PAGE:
“Yes.” Miss Saunders startled suddenly, setting the light of her candle dancing over the walls. “The portrait seemed to move.”
Benjamin looked up at Alice’s likeness above the mantel. “Yes, when it’s dim like this, she does. Seem to.”
“You loved her very much,” said Miss Saunders softly.
“We met at a ball in London, fell in love, married, and were parted by death all in a year. Such a short time to encompass so much.”
“A life sliced in half,” she replied. Her tone was contemplative and…bitter?
“Yes.” Benjamin sank back into his chair. “You understand that?”
“Oh yes.” Absently, she sat down opposite, putting her candle on the low table by the fireplace.
“A love you lost?”
She shook her head, setting the errant curls bobbing. “Say rather…a person who defined my existence.”
It was a striking phrase. He waited a moment. When she didn’t go on, he asked, “Who?”
Miss Saunders hesitated before answering, “My mother.”
“Ah. That can be a deep bond.”
The single word dropped between them like a rock tossed into a well. The echoes were odd, Benjamin thought. Not sadness, not regret. “You miss her a great deal.”
Miss Saunders laughed without humor. “How I wish I did. She haunts my dreams.”
Benjamin felt as if some mighty hand had reached deep inside him and struck a chord. His whole being resounded with it. He leaned forward and took her hand. It was trembling.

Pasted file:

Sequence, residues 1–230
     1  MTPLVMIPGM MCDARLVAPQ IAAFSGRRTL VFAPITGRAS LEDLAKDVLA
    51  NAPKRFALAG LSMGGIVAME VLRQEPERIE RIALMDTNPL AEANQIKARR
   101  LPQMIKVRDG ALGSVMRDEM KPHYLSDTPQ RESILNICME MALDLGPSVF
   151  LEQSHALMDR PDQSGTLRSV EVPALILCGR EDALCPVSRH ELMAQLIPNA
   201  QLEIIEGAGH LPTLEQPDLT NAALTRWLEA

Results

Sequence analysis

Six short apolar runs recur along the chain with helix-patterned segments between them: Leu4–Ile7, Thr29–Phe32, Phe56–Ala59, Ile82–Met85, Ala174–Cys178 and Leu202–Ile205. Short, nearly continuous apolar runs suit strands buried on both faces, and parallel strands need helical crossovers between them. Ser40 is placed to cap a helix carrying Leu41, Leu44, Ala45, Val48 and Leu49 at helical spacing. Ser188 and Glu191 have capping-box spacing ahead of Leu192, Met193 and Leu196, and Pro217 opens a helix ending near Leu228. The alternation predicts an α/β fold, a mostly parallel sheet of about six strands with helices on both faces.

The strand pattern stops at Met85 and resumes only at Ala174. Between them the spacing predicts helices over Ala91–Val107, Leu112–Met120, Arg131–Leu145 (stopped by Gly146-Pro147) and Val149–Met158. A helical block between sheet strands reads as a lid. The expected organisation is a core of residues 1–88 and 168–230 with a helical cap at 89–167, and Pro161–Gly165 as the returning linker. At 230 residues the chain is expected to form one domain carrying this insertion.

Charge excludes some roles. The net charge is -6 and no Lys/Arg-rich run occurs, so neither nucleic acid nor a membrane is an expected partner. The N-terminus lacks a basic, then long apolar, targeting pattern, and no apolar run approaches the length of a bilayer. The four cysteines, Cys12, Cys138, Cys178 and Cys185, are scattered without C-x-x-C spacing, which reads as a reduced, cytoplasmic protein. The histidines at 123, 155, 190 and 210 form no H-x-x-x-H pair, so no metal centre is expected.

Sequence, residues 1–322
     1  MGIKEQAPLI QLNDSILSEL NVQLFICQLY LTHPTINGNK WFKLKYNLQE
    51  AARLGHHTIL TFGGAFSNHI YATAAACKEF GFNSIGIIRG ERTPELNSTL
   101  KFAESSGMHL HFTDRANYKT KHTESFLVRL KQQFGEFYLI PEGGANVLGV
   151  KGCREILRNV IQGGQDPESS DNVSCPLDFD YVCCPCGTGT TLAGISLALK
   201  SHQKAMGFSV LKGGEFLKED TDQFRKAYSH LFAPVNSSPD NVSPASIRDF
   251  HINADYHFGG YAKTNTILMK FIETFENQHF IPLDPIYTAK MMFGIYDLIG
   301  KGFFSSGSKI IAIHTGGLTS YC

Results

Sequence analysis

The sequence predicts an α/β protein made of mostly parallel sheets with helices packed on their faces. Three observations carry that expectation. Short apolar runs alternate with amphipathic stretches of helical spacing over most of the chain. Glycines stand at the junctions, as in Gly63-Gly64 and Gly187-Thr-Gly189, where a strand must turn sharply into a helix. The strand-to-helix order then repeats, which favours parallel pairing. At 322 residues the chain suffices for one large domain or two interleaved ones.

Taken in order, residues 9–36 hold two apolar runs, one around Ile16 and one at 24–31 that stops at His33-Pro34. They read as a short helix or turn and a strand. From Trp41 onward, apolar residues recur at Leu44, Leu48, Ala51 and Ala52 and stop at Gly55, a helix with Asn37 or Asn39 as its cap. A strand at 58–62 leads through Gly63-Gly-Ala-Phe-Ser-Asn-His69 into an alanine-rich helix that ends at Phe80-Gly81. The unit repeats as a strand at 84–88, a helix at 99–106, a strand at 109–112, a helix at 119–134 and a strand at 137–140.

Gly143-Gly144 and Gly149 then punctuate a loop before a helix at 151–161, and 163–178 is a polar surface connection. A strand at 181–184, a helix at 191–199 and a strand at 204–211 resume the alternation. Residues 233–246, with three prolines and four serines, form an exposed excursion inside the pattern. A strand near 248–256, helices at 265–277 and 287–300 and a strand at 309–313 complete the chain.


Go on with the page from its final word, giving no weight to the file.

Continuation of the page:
As his strong fingers closed over hers, Jean couldn’t look away. Under his dressing gown, his nightshirt was open at the neck. The strong column of his throat rose above a muscular chest. She’d never been more intensely aware of another person, much less a man.
“The past keeps its claws in us,” he said.
The phrase was so exactly right. “It feels like talons,” she said. “Sunk right in. No matter how you fight, they won’t come loose.”
“A mouse carried off by a hawk,” he said.
Lips parted in amazement at his understanding, Jean nodded. Lord Furness leaned nearer. She’d moved toward him as well, she realized, irresistibly. For a moment, a kiss seemed inevitable. They grew closer, closer. She could feel a hint of his breath on her skin.
Then, all at once, he seemed to become aware of their proximity, their laced hands. He let go, drew back. In a welter of emotion, Jean did the same. Color flickered in the corner of her eye; the image of her cousin Alice looked down on them from above the mantel.